Do you remember where you were on September 11th, 2001?

I do. I have a personal story of 911. I have my own narrative of how I participated in that moment in history.

I was in Ann Arbor, walking down South State street. In the air, beneath the warm confident blue sky, a whisper of the dry Midwest cold to come. 

I have memories of trying to get onto to follow the news but to no avail, as the entire internet came to a halt. I have memories of feeling confused, scared, hoarding bottled water. I have memories of waking up and hanging on to the fleeting pleasure from the thought “oh that was just a bad dream.”

20 years later, I now understand that, more likely than not, our memories are altered and fuzzy. 

I now understand that, more likely than not, it is our memories of events that are incomplete, rather than history itself being fraught with conspiracies.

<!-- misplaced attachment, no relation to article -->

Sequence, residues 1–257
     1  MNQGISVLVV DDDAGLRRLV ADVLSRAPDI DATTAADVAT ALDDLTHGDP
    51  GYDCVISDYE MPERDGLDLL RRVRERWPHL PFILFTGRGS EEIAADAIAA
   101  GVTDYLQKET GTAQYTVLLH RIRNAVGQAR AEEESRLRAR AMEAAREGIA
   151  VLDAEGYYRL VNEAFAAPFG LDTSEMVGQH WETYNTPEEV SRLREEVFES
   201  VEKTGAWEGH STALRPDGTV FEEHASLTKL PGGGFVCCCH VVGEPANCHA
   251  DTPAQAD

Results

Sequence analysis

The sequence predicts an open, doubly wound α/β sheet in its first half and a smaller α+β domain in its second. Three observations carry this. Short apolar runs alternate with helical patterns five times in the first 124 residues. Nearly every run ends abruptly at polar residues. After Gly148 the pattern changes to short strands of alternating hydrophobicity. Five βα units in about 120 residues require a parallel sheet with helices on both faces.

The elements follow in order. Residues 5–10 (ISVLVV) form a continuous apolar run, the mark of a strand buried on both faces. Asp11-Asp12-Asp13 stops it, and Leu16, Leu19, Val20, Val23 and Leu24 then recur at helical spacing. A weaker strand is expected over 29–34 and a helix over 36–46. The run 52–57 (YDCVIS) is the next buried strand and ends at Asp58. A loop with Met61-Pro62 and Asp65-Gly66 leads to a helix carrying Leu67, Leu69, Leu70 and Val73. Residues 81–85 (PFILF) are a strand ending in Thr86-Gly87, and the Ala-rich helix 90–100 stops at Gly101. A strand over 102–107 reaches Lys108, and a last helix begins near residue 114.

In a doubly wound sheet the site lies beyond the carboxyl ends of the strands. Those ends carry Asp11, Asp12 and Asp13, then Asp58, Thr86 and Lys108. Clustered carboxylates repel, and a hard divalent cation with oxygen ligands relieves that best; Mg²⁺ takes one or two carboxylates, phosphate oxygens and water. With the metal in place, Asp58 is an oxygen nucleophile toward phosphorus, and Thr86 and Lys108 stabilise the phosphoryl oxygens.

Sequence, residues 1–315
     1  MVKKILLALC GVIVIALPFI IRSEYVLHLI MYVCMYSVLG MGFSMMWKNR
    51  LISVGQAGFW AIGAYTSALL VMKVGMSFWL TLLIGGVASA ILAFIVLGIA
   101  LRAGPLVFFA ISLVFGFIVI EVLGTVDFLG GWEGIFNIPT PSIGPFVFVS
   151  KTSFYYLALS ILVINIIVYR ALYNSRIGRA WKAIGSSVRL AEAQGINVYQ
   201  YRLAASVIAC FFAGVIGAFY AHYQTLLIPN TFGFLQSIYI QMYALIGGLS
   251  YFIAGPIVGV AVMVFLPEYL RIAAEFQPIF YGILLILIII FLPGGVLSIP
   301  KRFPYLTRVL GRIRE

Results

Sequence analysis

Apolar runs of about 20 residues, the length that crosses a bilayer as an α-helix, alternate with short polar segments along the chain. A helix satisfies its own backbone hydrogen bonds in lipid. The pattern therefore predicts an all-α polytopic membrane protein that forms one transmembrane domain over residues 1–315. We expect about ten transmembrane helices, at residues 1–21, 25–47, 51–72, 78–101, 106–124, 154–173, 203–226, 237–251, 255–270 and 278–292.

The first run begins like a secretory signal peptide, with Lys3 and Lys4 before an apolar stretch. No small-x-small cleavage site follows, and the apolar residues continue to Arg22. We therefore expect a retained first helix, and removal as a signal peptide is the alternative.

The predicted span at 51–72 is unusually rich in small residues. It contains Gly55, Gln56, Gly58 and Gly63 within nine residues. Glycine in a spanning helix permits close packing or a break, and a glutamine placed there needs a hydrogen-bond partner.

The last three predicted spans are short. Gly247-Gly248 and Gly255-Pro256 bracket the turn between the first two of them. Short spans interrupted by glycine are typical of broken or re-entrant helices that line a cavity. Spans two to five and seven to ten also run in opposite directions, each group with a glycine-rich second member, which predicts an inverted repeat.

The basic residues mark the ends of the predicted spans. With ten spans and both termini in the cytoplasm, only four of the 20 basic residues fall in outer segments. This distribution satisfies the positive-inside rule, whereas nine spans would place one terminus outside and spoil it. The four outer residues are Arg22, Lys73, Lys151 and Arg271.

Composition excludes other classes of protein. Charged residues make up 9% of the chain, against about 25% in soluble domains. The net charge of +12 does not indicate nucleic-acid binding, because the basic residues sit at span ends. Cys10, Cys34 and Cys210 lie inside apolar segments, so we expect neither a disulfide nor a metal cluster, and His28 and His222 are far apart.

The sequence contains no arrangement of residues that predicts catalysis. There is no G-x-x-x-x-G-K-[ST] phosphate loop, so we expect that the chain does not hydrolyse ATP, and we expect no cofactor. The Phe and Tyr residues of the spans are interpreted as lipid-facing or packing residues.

We ought to recognise that for the first time in the 300,000 years of the evolution of our species, instead of making sense of the world through the wisdom of elders of our tribes, we are burdened with the task of discerning truths from the endless amount facts from all corners of the World Wide Web. 

We have substituted our tribes with Facebook Groups. We look to our jobs and the companies we worked for, instead of our churches and families, to define our community, passion, and life purpose.  

We need to remember that we are all capable of falling for theories that bring comfort. We must remember that we now co-exist in a world where we have coworkers and family members who believe politicians are lizards, the same coworkers and family members who also find anti-vaxxers preposterous. 

We ought to be less rigid with our beliefs and more loose with others’ convictions. We must understand that even for those who believe the world is flat, they too have their narratives and personal stories of how they are participating in history.

20 years later, I now understand that, more critically than ever, that we must not give ourselves excuses to not engage. 

We must choose to participate. 

We must aim to improve. 

We must choose to lead- the art of clarification, facilitation, and mutual empowerment. 

We must choose forward, onward. 

Even though the world has become more messed up since September 11th, 2001, especially when the world has become more messed up since September 11th, 2001.







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